Benin: Head of top court resigns to 'renew commitment' to ruling party

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The president of Benin's Constitutional Court Joseph Djogbénou has resigned from his post, the institution announced Tuesday, six months before the January 2023 legislative elections.

"The vice president of the Constitutional Court has received the letter of resignation of Mr. Joseph Djogbénou in his capacity as advisor and consequently as president," said the press release published on the Court's website.

The day before, Mr. Djogbénou had been received in audience by Beninese President Patrice Talon in Cotonou, without making any statement at the end of this meeting.

This former personal lawyer of Mr. Talon was at the head of the institution since June 2018 and his term ended in June 2023.

The statement does not specify the reasons for this resignation.

According to Beninese political analyst Moïse Dossoumou, reached by phone by AFP, this close associate of Mr. Talon may have resigned in view of a future participation in the January 2023 legislative elections.

A senior official of the Progressive Union party (UP, presidential majority) who requested anonymity shares this view: "Don't be surprised to see him soon at the head of our party and in the running for the legislative elections", he said.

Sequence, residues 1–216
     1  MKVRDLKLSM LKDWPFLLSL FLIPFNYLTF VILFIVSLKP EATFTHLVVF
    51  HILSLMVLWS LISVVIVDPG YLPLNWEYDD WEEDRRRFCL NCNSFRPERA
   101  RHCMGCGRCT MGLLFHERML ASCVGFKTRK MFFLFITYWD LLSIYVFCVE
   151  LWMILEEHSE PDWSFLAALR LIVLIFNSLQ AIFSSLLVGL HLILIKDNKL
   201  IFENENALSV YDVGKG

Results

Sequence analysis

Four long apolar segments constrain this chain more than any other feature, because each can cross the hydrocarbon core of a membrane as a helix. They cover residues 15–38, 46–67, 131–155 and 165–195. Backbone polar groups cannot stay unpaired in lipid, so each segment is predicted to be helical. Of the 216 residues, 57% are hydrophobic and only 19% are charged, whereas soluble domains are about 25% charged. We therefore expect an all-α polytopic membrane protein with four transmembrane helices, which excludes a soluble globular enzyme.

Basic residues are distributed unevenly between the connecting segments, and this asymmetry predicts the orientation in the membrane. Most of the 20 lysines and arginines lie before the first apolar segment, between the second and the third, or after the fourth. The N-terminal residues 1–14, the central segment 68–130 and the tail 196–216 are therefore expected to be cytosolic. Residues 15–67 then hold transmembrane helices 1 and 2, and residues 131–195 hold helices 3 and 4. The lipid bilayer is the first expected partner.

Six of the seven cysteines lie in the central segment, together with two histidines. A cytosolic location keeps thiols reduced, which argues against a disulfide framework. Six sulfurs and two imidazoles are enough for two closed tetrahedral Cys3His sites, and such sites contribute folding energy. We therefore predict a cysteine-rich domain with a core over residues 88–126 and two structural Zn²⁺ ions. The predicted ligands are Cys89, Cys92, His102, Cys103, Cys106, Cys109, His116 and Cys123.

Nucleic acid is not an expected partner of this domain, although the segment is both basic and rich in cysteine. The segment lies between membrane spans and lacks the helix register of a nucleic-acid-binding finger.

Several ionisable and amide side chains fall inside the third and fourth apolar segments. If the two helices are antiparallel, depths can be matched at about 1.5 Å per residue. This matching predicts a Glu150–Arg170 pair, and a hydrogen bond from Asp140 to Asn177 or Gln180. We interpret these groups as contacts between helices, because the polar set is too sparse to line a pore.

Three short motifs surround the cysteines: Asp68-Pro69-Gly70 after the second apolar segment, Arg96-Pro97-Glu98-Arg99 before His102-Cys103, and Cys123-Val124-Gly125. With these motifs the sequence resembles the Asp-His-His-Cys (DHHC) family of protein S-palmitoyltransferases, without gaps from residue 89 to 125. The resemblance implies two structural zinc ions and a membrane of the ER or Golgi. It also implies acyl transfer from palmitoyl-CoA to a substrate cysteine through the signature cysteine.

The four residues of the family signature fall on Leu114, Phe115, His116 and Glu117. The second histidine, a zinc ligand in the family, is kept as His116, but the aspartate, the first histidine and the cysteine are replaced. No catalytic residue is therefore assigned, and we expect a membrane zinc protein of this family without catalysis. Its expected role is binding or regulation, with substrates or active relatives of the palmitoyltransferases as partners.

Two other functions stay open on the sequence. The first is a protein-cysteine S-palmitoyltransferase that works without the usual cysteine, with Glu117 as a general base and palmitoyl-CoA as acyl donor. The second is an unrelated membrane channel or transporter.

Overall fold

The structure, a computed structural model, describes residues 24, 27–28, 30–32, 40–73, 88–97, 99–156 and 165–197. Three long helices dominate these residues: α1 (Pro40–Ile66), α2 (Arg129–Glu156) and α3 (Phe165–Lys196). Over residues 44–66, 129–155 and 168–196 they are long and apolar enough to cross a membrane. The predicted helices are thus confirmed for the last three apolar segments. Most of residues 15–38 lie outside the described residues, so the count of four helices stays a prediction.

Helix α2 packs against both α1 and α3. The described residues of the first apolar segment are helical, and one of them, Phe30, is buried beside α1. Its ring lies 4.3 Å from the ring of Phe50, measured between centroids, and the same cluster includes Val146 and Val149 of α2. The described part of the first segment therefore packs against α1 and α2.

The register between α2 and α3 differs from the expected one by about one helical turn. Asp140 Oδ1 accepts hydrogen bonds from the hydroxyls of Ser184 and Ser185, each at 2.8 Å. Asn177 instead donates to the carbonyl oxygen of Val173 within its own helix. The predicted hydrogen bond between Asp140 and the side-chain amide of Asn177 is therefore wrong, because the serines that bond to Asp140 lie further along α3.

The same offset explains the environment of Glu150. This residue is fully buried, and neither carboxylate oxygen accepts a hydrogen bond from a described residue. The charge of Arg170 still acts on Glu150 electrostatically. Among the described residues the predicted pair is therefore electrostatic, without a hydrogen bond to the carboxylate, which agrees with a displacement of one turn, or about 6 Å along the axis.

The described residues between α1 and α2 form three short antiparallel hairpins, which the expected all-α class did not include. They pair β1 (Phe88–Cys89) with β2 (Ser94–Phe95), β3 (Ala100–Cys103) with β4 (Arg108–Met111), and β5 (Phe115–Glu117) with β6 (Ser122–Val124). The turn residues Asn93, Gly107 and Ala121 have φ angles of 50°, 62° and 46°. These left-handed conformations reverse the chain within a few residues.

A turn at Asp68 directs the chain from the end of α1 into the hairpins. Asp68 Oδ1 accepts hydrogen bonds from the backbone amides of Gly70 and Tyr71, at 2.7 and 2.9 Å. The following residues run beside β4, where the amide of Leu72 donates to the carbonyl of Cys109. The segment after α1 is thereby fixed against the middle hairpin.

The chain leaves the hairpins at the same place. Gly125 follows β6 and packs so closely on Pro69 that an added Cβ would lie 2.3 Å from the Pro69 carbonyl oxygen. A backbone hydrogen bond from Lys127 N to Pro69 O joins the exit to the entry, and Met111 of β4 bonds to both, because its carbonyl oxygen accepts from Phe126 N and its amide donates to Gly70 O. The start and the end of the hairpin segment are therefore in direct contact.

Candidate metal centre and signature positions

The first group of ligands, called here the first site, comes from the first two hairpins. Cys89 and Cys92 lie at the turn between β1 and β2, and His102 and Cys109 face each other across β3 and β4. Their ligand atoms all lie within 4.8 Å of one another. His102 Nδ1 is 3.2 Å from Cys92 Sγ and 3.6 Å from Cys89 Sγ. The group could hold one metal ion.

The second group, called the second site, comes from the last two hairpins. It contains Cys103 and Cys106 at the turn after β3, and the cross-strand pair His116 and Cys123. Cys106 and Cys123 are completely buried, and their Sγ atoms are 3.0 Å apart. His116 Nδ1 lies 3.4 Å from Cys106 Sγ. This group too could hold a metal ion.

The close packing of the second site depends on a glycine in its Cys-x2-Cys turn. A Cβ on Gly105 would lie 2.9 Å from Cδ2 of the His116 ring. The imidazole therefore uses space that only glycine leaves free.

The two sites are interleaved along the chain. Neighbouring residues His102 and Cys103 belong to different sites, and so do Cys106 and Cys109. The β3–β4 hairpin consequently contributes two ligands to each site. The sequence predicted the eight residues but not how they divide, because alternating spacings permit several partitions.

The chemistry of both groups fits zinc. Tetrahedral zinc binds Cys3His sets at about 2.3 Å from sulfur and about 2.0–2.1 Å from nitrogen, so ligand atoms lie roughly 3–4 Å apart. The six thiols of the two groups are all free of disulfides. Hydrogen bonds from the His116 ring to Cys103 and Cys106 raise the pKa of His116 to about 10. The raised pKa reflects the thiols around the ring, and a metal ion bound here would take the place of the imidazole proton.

A lawyer by profession, Joseph Djogbénou had been elected deputy in 2015, then appointed Minister of Justice after the election of Patrice Talon in 2016.

With this resignation, it is Razaki Amouda, current vice president who takes over the institution.

In Benin, the Constitutional Court's mission, among other things, is to monitor presidential and legislative elections as well as referendums, to ensure the constitutionality of laws and to handle complaints of human rights violations.

Elected in 2016 and re-elected in 2021, President Talon has undertaken a series of political and economic reforms to put his country on the path to development. But this impressive modernization has also been accompanied by a major democratic setback, according to the opposition, which has been reduced to almost nothing today.

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